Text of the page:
Let the barista do the talking
Recently and unfortunately, I stumbled upon an annoying phenomenon, which I will share with you today. It is one thing for the barista to know your usual order and greet you asking - Good morning, the usual? It’s a different story to enter a café, make eye contact with the barista, and steal their line by saying - Good morning, the usual!
Don’t do that. Just don’t ever do that.
You might think I’m exaggerating, but like all other annoying phenomena in this world, there is a real problem underneath a seemingly innocent outer layer - one I will dissect for you. In the custom of ordering coffee, the expression “the usual” is reserved for the barista - it is their and only their right to choose when to tickle a customer’s ego and increase sympathy and familiarity between them (the worker) and the client (the consumer).
Even if you’re pretty sure the barista knows your order on the basis of your previous visits, just don’t say it. Wait for them to make the first move.
Now for most people, ordering coffee is not a complicated situation. You just walk in, say what you want, and get your order. There is nothing wrong with that. There is also nothing wrong with the barista deducing your order based on your previous visits. Just let them do the talking. So if the barista asks the usual? just smile and be happy you are the special client whose order is known. If you are ever with a friend and the situation occurs, pretend to be slightly embarrassed and say with some humility: They know me… Don’t forget to follow up with a lengthy explanation of why this particular café is the only one you ever go to, and you’re good to go. Literally, you’re good to go.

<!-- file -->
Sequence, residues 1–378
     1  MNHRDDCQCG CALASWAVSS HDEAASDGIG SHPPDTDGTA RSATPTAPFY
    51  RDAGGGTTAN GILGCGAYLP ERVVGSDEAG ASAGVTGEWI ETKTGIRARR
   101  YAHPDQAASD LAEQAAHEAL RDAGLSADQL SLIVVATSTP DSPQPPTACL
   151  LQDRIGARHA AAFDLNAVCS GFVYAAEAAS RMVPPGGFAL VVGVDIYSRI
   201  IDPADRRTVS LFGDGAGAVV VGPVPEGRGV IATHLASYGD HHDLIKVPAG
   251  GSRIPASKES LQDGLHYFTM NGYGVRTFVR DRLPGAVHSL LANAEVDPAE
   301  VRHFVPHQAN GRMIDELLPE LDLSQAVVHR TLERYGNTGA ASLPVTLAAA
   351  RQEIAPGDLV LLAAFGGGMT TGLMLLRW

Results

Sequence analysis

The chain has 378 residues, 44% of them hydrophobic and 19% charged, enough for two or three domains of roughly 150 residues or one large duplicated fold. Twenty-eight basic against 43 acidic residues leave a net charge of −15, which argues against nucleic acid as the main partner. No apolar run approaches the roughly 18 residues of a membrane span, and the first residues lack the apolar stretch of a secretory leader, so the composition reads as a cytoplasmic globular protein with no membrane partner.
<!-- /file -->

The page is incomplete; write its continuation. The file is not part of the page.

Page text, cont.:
You don’t have to stay, make chit chat, stop the barista from working and act like you own the place. You quite literally don’t own the place. You’re just a customer spending your money in a local café. You wake up every morning and leave your house for the same overpriced coffee. So often in fact that the barista knows your order.
Think about the money you’ve spent here, the cups you threw in the bin, the plastic lids that may have ended up in the ocean. Then ask yourself: is this really my ego-boost of the day? If that is the case, fine, but do you really need to make it so obnoxiously apparent to everyone around you? It’s just one of these small and simple things in life everybody enjoys, something that belongs in your solitary adventures - so for yourself.
Guys in their 40s wearing business suits and fancy looking influencers filled with rage at reading the previous paragraphs, please know that I do realise we are all just simple beings, who need some outside validation. That can happen anywhere (at a store, restaurant or library). Feeling good about it is not something to be ashamed of or frowned upon. But don’t barge in thinking that just because you regularly spend money somewhere, the staff needs to know your order. Even if they do actually know it.
So the next time your barista honours you by memorising your order, just see it as a personal reward. Just for your own sake - and the sake of those standing near you, forced to witness the exchange – don’t make too much out of it. There must be other things than ordering coffee that help you build self-esteem and give you a sense of belonging.